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Black History Month: I showed a client the door after being called an “anomaly”

As we continue profiling entrepreneurs for Black History Month, one founder explains why he was forced to turn away a client who made an outrageous remark.
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Following on from details of how the armed forces shaped one entrepreneur’s outlook, Elliott Reid, founder of the Revitalize Clinic, is the next offering his experiences for Black History Month.

With his health enterprise, he connects fitness professionals to patients and clients that need their services. And with a team of five, 500 appointments are managed each month.

He discusses how proud he is of his heritage, and the disrespect he was met with by a client for his background.

What have been the key business challenges that you faced to get to where you are today?

The key challenges have been patience. We live in a “want it now and fast” society. But to grow a business takes patience, overcoming a lot of hurdles and keeping your eye on the prize. Do not be afraid to pivot or change your strategy to get where you need to be.

I have had multiple step backs; have invested tens of thousands of pounds at a young age – I founded the clinic age 21 – all off of my own back. And I have had to be willing to invest my money on a hypothesis and take the hit if my predictions don’t come through. Patience and humility are essential.

Have you ever witnessed racism in the workplace, whether directed at yourself or a colleague?

Overt racism is always the tip of the iceberg. I had a client say that I was an anomaly because I was hardworking, well educated, successful and black.

To think this is what she said overtly, is evidential to me that there is a lot of racism that goes on beneath the surface that we may not even be aware of.

How was it dealt with?

I refused to train her and explained that I would not do business with someone who had a negative predisposition towards my people or my culture. I don’t regret it one bit. I’m a good enough businessman to replace her.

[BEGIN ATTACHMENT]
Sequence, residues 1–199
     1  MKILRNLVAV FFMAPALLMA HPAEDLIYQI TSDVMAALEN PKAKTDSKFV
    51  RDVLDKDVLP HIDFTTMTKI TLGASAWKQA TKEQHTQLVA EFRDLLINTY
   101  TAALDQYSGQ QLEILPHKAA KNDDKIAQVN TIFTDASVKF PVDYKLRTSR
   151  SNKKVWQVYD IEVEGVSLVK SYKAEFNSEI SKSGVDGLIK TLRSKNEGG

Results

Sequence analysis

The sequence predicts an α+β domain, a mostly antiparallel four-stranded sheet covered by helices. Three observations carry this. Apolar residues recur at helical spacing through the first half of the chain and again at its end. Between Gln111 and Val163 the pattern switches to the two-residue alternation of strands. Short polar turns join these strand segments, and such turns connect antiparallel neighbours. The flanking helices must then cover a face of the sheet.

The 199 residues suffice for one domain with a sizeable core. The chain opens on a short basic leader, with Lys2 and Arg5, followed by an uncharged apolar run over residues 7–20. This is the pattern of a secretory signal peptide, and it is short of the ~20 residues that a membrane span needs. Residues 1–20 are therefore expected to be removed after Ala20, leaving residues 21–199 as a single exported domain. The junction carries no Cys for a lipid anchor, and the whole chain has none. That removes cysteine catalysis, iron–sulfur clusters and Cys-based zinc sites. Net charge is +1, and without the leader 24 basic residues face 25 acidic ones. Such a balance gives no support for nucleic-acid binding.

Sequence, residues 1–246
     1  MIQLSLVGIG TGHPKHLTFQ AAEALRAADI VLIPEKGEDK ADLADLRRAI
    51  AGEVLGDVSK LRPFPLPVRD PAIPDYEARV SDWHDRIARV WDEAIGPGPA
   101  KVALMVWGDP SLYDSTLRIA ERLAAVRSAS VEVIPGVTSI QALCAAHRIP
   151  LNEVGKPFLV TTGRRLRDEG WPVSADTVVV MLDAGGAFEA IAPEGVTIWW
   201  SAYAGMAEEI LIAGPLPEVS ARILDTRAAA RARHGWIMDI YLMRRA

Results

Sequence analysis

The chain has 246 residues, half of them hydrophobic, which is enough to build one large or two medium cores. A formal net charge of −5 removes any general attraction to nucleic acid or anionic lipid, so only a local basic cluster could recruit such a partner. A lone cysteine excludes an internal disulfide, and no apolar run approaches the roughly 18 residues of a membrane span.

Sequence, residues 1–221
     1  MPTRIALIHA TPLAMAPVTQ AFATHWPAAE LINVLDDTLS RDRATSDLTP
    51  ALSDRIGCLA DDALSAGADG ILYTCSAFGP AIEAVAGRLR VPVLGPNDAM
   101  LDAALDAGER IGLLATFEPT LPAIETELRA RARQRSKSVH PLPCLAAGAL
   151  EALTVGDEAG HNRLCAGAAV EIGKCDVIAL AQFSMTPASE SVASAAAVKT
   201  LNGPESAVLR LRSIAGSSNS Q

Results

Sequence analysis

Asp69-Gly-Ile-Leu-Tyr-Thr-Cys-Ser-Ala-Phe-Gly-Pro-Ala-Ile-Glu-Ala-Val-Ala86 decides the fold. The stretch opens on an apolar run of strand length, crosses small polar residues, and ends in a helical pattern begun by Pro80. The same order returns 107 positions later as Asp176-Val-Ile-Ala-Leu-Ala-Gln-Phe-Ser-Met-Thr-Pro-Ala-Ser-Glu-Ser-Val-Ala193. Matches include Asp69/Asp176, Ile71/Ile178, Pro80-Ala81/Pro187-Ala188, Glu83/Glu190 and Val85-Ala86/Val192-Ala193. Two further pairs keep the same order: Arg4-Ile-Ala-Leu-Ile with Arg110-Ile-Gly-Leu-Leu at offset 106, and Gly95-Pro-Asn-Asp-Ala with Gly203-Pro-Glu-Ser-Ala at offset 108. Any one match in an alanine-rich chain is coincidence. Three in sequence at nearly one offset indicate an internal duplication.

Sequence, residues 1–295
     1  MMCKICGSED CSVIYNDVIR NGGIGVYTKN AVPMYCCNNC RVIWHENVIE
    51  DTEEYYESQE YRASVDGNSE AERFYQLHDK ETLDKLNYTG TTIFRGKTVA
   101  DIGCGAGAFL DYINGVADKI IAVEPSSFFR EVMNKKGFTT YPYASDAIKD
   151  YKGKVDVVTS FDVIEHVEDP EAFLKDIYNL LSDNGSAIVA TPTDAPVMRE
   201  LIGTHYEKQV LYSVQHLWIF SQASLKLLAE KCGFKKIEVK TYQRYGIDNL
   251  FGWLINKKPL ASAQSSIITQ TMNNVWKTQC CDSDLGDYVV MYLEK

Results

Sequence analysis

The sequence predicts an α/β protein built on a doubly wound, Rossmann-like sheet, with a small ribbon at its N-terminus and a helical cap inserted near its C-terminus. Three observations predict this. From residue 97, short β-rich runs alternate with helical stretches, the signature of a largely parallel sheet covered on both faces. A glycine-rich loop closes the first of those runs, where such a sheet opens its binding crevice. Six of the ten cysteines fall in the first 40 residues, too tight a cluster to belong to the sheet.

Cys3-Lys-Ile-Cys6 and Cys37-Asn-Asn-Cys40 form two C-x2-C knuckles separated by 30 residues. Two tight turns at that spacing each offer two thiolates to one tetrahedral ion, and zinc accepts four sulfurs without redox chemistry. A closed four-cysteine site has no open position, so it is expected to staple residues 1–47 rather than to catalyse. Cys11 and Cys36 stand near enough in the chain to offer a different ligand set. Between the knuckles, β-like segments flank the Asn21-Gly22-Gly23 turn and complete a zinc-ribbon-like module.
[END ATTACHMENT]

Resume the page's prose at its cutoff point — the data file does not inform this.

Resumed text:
Do you feel as though your heritage has ever been a factor in your career development?

Yes. I am descendant from the Jamaican Maroons. They fought the British for hundreds of years and, with Samuel Sharpe and many others, were able to bring about emancipation.

I want to be a successful businessman. If my ancestors could achieve the impossible, I’m sure I can achieve my more achievable goals. I feel the same way towards my heroes, Toussaint Louverture, Muhammad Ali and Malcolm X. They are my idols.

How important is an initiative like Black History Month – on a cultural and business level?

It’s a gateway drug to the truth. Black history is church to me. It requires regular revisiting; regular revisal and regular internalisation. More black men and women have died for the progression of African descended people that saints have for Christianity. Black history is my religion.

Do you think UK companies or leaders should be doing anything to highlight Black History Month?

They should celebrate the successes of black people; not just the suffering. Highlighting the suffering breeds sympathy and understanding, but celebrating excellence breeds self-esteem and admiration.

This is what’s missing from the black community more than the former. Black history does not detract from any other history; it complements it. Trade between Africa, Asia and Europe, even America, has occurred for centuries. Europe has benefited hugely from black people.

Concluding our round-up of experiences faced by black entrepreneurs, we heard from a 33-year-old founder who admits that the creative industry is a challenge as a person of colour.

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About Author

Zen Terrelonge

Zen Terrelonge is the deputy editor of Real Business, specialising in media, innovation, technology and the digital sector. A media professional with eight years worth of experience he has worked for both startup and established publications.

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